The Register-Herald, Beckley, West Virginia

Outdoors

March 2, 2013

Woodcock sky dance helps usher in spring

In his classic “A Sand County Almanac” (1949), wildlife biologist Aldo Leopold described the male American woodcock’s courtship display as a “sky dance.” I call it my favorite harbinger of spring.

A few nights ago as I watched the February full moon rise in the east, a familiar sound caught my ear. “Peent!” A few seconds later, another nasal “Peent!” The sound reminds me of the call of common nighthawks as they sweep the sky for insects on warm summer nights.

A woodcock had returned to the old pasture behind the house. Males emerge from the woods at dusk and search for patches of poor soil with sparse vegetation. Dense ground cover hinders the movement of these short-legged birds. That’s why I make it a point to mow a few patches of grass extra short in late October. It’s my invitation to dance.

A displaying male woodcock wants to be seen — by females. (Watch for field trips offered by local nature centers or bird clubs if you have no idea where to find woodcock.) To enjoy the show, creep into position just before dark and wait.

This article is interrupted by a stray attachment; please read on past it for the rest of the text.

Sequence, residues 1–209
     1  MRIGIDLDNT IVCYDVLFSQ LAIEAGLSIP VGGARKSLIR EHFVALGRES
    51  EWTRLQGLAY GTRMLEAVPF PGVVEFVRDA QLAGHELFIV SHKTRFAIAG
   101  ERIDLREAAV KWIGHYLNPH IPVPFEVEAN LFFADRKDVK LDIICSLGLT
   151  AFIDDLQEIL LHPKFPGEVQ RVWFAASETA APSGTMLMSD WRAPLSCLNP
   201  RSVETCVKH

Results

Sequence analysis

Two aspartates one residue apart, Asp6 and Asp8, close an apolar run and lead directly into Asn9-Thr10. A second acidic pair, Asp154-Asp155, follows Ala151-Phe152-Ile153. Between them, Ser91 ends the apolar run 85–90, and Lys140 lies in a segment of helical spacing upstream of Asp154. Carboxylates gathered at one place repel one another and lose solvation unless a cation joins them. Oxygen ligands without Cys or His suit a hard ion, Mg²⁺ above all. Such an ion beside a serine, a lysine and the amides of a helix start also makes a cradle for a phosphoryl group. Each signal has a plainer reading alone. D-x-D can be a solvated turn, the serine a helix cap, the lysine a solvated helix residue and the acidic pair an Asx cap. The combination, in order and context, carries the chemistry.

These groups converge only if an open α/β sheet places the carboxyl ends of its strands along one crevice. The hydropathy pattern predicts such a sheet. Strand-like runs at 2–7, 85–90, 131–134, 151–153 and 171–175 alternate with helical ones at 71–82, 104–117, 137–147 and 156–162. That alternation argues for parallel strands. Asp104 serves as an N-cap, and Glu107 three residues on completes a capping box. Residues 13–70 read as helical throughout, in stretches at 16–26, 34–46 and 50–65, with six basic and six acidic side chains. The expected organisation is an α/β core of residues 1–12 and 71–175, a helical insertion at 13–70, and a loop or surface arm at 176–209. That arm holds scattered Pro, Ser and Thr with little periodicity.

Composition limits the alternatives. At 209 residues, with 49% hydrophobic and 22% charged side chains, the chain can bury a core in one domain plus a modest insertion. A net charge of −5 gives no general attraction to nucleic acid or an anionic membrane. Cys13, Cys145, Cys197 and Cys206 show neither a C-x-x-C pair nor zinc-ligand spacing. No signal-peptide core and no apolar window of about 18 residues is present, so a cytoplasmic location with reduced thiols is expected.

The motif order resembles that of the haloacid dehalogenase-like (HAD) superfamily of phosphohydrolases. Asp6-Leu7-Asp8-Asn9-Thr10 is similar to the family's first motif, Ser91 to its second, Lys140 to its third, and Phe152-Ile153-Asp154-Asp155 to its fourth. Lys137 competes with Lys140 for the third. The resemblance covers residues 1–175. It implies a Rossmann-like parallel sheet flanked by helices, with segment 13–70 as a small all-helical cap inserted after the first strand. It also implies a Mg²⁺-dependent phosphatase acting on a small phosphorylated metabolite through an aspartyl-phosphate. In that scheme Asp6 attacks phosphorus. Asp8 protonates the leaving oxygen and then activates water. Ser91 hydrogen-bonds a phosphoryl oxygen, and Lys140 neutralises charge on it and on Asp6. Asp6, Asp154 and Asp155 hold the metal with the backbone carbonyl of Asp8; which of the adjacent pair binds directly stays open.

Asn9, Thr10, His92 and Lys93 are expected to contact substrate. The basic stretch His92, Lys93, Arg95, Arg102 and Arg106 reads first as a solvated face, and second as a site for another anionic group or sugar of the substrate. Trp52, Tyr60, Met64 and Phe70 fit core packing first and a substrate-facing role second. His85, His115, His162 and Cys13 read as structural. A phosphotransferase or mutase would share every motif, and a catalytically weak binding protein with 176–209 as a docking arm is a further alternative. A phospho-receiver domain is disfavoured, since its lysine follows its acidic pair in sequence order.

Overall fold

The performance begins with the aforementioned, exclamatory peents. Soon the calls stop, and the bird jumps into the sky. He ascends in an ever-widening spiral flight to a height of 250 to 300 feet. Listen for a whistling sound as the bird climbs and air rushes through its three stiff outer wing feathers. Then he descends almost like a falling leaf, and the wing whistle is accompanied by a liquid, vocal twitter. At twilight or on moonlit nights silhouettes are sometimes visible.

Upon landing near the exact spot from which he launched, the male fans his tail and wings and struts about boldly, like a miniature tom turkey. If a female is present and charmed by the dance, mating occurs. Absent hens, the performance continues, sometimes for hours.

Woodcock, or timberdoodles as they are sometimes called, are plump, cryptically colored, migratory birds that weigh six or seven ounces. Though classified taxonomically as shorebirds, woodcock live in damp, lowland woods where they eat earthworms almost exclusively.

Woodcock sometimes return in late February, but I can always count on them in March. During daylight hours, “probe holes” left behind while searching for earthworms and whitewash splash are the best evidence of these odd birds.